Union Responds To Harley-Davidson Decision To Move Some Work Overseas Noel King talks to Joe Capra, of the International Association of Machinists & Aerospace Workers Local 176, about how the move to avoid EU tariffs will impact union members at the Kansas City plant.
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Union Responds To Harley-Davidson Decision To Move Some Work Overseas

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Union Responds To Harley-Davidson Decision To Move Some Work Overseas

Union Responds To Harley-Davidson Decision To Move Some Work Overseas

Union Responds To Harley-Davidson Decision To Move Some Work Overseas

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  • <iframe src="https://www.npr.org/player/embed/623451430/623451431" width="100%" height="290" frameborder="0" scrolling="no" title="NPR embedded audio player">
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Noel King talks to Joe Capra, of the International Association of Machinists & Aerospace Workers Local 176, about how the move to avoid EU tariffs will impact union members at the Kansas City plant.

NOEL KING, HOST:

A few weeks into his presidency, Donald Trump invited executives from Harley-Davidson to meet with him at the White House. He wanted to highlight the company as a model for American-based manufacturing.

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PRESIDENT DONALD TRUMP: So thank you, Harley-Davidson, for building things in America. I think you're going to even expand. I know your business is now doing very well. And there's a lot of spirit right now in the country that you weren't having so much in the last number of months that you have right now.

KING: But then earlier this year, Harley-Davidson announced it would be shutting down a plant in Kansas City, Mo. And on Monday, the company said it plans to move some of its operations abroad. Harley-Davidson blamed tariffs that the European Union slapped on motorcycles and other goods last week as part of growing trade tensions with the U.S. Then this morning on Twitter, President Trump repeated his criticism of the company's move, saying they were just using tariffs and trade war worries as an excuse. Earlier, we spoke to Joe Capra. He's the union representative for the workers in Harley-Davidson's Kansas City plant.

JOE CAPRA: Thank you for having me on.

KING: Of course. Mr. Capra, Harley-Davidson had already announced earlier this year that it was closing the Kansas City plant and laying off 800 workers there. Now, that's a plant you represent. So your people were already facing some really bad news, regardless. What do you think about yesterday's announcement from Harley-Davidson that it's moving some operations to Europe?

CAPRA: I want to say, yesterday's - what Harley-Davidson announced was a slap in the face for American workers all across the country here. And the great icon of Harley-Davidson is doing these tariffs and moving overseas and continues to move overseas. This is something that is - was just an excuse. And the machinist unions vary on what Harley-Davidson has done because they have been going overseas for some time. They've been in India. They've been in Brazil. And then now they have a plant in Thailand.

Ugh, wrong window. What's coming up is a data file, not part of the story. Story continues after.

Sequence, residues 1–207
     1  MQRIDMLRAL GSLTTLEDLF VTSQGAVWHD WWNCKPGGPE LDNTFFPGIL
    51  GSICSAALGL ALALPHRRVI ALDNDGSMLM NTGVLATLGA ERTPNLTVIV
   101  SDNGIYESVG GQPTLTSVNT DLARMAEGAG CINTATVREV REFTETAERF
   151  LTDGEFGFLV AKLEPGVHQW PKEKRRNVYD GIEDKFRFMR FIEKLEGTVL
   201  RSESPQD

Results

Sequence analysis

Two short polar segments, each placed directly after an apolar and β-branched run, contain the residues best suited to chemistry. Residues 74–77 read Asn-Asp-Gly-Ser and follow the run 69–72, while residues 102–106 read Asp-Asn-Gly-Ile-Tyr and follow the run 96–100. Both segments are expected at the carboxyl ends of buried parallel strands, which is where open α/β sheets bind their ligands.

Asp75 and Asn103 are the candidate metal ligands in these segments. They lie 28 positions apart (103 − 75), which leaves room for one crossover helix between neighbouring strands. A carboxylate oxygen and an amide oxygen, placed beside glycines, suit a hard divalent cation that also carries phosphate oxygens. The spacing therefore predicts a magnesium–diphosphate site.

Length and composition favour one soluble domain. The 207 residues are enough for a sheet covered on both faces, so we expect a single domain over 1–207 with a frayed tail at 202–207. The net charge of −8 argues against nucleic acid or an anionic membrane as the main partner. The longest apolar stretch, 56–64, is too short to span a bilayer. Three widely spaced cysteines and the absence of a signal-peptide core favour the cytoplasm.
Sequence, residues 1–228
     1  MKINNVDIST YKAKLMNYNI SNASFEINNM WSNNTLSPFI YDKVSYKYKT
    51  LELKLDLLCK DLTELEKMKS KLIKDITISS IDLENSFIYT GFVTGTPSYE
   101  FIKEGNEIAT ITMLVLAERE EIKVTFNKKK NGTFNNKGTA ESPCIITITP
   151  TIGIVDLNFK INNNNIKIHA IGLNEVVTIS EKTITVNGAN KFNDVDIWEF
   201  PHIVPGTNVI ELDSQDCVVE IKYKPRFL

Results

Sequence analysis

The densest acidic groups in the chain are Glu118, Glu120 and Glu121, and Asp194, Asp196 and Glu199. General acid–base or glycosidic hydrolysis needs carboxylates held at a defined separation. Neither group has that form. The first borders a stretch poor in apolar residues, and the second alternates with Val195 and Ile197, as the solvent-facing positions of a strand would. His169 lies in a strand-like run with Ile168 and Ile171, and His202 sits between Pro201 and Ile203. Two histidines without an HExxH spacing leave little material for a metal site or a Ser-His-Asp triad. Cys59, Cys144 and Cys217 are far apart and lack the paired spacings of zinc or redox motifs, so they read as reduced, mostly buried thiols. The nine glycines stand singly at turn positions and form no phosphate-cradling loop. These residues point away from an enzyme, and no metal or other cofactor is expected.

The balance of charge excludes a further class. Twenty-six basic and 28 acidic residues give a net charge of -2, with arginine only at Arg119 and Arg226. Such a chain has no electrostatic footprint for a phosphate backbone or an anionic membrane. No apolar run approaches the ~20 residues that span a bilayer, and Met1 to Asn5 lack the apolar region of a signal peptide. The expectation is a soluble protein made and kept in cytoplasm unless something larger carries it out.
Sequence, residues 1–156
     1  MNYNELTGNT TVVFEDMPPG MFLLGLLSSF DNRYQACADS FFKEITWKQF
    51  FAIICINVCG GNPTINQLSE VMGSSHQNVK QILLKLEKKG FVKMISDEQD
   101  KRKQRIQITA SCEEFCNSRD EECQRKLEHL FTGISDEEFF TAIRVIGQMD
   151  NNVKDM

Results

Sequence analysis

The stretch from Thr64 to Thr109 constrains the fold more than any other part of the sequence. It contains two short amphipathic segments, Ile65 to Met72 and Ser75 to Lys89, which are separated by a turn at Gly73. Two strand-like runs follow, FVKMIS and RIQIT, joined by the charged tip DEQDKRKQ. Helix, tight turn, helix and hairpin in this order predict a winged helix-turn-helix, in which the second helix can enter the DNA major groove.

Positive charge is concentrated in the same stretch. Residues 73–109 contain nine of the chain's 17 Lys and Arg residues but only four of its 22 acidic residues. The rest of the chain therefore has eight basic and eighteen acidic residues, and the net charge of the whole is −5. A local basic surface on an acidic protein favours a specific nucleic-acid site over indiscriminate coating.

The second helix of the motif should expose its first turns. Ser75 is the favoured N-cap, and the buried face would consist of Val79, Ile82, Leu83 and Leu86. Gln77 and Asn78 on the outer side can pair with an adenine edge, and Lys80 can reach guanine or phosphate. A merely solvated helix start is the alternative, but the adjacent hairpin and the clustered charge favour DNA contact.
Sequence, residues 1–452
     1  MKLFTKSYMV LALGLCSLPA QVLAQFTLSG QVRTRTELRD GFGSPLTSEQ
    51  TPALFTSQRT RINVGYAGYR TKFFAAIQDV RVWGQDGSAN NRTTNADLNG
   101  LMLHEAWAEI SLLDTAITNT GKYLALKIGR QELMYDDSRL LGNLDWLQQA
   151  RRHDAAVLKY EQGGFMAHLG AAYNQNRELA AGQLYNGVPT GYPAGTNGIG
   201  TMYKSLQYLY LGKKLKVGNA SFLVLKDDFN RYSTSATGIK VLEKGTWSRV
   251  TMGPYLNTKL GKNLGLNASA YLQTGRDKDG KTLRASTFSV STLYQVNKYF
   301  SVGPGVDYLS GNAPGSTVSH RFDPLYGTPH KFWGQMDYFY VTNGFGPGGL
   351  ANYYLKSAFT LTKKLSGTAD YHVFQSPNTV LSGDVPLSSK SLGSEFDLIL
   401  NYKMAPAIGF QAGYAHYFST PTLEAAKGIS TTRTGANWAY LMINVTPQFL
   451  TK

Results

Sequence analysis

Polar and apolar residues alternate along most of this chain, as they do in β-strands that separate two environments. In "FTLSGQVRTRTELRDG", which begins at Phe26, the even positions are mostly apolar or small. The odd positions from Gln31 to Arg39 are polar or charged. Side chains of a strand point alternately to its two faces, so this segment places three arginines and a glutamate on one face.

KING: So Mr. Capra, what you're saying essentially is that when Harley-Davidson pointed to tariffs by the EU and said, we've got to move some operations over there because it will simply be cheaper, you're saying, to you, that seems like an excuse because Harley-Davidson has been moving operations out of the country for a while now. Is that right?

CAPRA: Yes. Yes, I am. Yes, very much so.

KING: President Trump tweeted something along those lines last night. He said taxes are just a Harley excuse. And he also said, surprised that Harley-Davidson of all companies would be the first to wave the white flag. Is that what this feels like to you, waving a white flag?

CAPRA: It does - not just waving the white flag, but I think that they had this planned for some time, and this is - they're using this as an excuse.

KING: Well, look. Harley-Davidson says opening a plant in Europe and avoiding tariffs will save them from increasing the cost of motorcycles by over $2,000 a bike. Now, there are going to be people who argue Harley-Davidson is a business. They are in business to make money. And this is a smart economic move. What do you say to that?

CAPRA: One of the things that I have to say is that people might think this is a smart economic move, but how many more manufacturing plants are going to be moving over? We need to do something with the tariffs, and we have to. We have to have a sit-down, and we have to have discussions over the tariff attacks on both sides. But we have companies that will take. And we'll lose more jobs here in the United States. It's going to cause the economic crash that obviously will be coming before long.

KING: Mr. Capra, very briefly in the couple of seconds we have left, what is likely to happen to the 800 men and women who are being laid off in Kansas City? Will they find jobs in manufacturing there?

CAPRA: They've been devastated. And they are looking for jobs here. Machinist unions have had - where we have Honeywell, we've tried to get them jobs here in the Kansas City area - and also Spirit.

KING: You doing everything you can.

CAPRA: And we're doing everything we can.

KING: Joe Capra is the union representative for workers in Harley-Davidson's Kansas City plant, which is closing.

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